How do you guys chose the BPM and speed to work at when making a song?
If you want kinda slow-romantic song you choose 80. If you want fast uptempo then you go for 180. If you want midtempo radiohit you choose 120. If you want speedcore you go to 220. If you want funeral Doom you go for 40. This is when you are at speed 6.
Speed 3 is twice faster. 40@6 == 80@3. Speed 12 is twice slower 80@12 = 40@6. But adding more speed gives you more granularity for effects. If you are a beginner don’t touch the speed and set the tempo whatever sounds good for you.
As Suva explained:when you just getting started, you don’t need to adjust the speed setting perse.
If you want to affect certain triggers on notes at moments that fall in between two rows (for instance row 01 and 02) you set the speed to the amount of points that you want to have a triggerpoint (e.g. stopping or starting a note at that moment instead of starting at the row or ending at the next row)). So if you would like to slice the time between row 01 and row 02 into 6 equal offset points, you set speed to 6.
If you want to have 12 equal points, you set the speed to 12.
And if you play around with these settings you will also notice the scrollspeed of the pattern will be affected as well.
Cheers for the replys, guys!
This is the main thing that bothers me! If I’m composing at a slower BPM, I find I don’t have enough lines for all the notes I wanna be sticking in there – ie if I want an offbeat 16th or a 32nd etc. So I tried changing the speed and then I got odd divisions and I got a bit scared When I compose stuff normally, I’m around 96-120bpm. Depends on who I’m playing with/what we’re playing.
Do you guys just choose a roughly correctly tempo/speed then work to it, changing it later when it gets in the way? Or are you all so experienced that you know exactly what you want? (Much in the same way that when I’m tabbing something out in guitar pro I pretty much nail the bpm on my first go. I’m a good guess for these sorts of things!)
If you set the speed to 1, each row is the same as one tick. You could call this a sort of pattern-zoom to the lowest level and the pattern will scroll at godspeed to say so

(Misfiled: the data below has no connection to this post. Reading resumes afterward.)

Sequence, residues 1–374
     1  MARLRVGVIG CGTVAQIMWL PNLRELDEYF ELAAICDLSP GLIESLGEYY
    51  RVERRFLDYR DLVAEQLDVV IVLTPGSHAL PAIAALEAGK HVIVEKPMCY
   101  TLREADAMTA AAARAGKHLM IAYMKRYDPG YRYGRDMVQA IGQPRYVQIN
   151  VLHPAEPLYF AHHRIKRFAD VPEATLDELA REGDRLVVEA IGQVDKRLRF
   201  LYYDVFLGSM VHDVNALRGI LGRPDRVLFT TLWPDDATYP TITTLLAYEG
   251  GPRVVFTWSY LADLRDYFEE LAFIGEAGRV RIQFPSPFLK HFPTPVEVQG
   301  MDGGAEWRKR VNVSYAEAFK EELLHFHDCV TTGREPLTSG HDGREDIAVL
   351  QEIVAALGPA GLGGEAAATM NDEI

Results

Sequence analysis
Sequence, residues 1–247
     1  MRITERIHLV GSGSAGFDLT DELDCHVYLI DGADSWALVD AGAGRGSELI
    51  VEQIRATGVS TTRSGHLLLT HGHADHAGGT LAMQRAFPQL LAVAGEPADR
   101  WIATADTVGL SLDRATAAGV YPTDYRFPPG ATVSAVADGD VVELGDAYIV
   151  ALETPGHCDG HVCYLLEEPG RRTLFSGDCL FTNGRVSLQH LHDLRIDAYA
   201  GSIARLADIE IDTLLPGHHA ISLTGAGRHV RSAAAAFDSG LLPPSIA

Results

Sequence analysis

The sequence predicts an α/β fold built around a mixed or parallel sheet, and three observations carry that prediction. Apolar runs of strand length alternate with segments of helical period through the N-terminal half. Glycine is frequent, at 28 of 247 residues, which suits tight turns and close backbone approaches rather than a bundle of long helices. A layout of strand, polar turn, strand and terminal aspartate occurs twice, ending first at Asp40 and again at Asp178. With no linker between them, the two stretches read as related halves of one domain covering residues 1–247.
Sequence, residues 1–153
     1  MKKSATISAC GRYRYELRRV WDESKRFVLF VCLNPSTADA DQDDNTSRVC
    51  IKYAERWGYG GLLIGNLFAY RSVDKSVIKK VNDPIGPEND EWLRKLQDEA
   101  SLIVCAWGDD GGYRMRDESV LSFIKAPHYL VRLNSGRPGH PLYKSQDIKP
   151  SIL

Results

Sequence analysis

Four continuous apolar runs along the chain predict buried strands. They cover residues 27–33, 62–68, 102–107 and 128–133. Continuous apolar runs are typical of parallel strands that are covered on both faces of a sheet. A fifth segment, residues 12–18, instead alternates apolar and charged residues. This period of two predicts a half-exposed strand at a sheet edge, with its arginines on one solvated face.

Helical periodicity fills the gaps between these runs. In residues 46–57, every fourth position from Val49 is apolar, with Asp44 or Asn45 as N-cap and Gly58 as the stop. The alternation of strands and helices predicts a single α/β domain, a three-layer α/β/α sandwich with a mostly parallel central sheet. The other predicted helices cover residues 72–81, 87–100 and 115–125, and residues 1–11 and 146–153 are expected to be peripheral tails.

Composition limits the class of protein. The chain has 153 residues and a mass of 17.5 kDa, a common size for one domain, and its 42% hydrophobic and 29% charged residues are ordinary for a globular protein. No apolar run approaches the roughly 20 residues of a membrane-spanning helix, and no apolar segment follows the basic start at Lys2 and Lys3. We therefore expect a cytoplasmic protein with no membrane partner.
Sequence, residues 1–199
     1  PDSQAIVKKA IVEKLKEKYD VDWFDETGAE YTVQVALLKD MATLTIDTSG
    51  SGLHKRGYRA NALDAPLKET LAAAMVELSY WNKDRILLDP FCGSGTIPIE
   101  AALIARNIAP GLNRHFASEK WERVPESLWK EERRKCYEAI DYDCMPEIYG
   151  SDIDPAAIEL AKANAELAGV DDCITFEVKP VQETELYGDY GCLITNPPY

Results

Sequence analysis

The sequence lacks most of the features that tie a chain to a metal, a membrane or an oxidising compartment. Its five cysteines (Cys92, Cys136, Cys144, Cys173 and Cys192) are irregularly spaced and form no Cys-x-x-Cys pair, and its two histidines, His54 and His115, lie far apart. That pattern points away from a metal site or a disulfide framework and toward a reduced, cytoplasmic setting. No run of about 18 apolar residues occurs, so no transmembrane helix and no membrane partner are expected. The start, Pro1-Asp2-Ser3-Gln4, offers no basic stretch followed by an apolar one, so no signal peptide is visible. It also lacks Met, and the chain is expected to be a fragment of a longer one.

You have the advantage to see every note and control every note on each beat. You also don’t need to use delay or cut commands as they won’t affect at that speed. Disadvantage is the retrigger effect won’t be doing things for you as you are on the highest speed and if you for instance would like to emulate a guitar strum, you have to put each other string “stroke” on new row which makes it cumbersome to stroke a chord on the same line.
A guitar stroke with speed 6 could be emulated by adding five or 6 notes on the same row and using delay effects to have each snare hit a moment later. I usually play with delay values of 1 and 2 and have two strings being hit at the “same” time.
This method allows you to copy the whole line to the clipboard and paste it to other places allowing you only to change a few notes here and there to change the chord.
If your speed is 1 your overview regarding chords is less obvious and you have to use the cursor-keys more often to change the cursor position whereas on the same line is just a matter of tabbing from one column to the other and making the change.
Just a few examples to give you an idea of how speed works and how you can use it to your advantage.
as well, don’t forget that the tempo/speed can be automated with F0/1 in the effect column so it doesn’t have to be set to one thing the whole time.
wow kaneel… you are soooo 2007…
4 000 bpm, speed 1. that’s the spirit!
No, that’s just plain impossible in Renoise, unless an external master gets Renoise that mad to change this bpm rate.
(i’ve seen one report so far regarding that)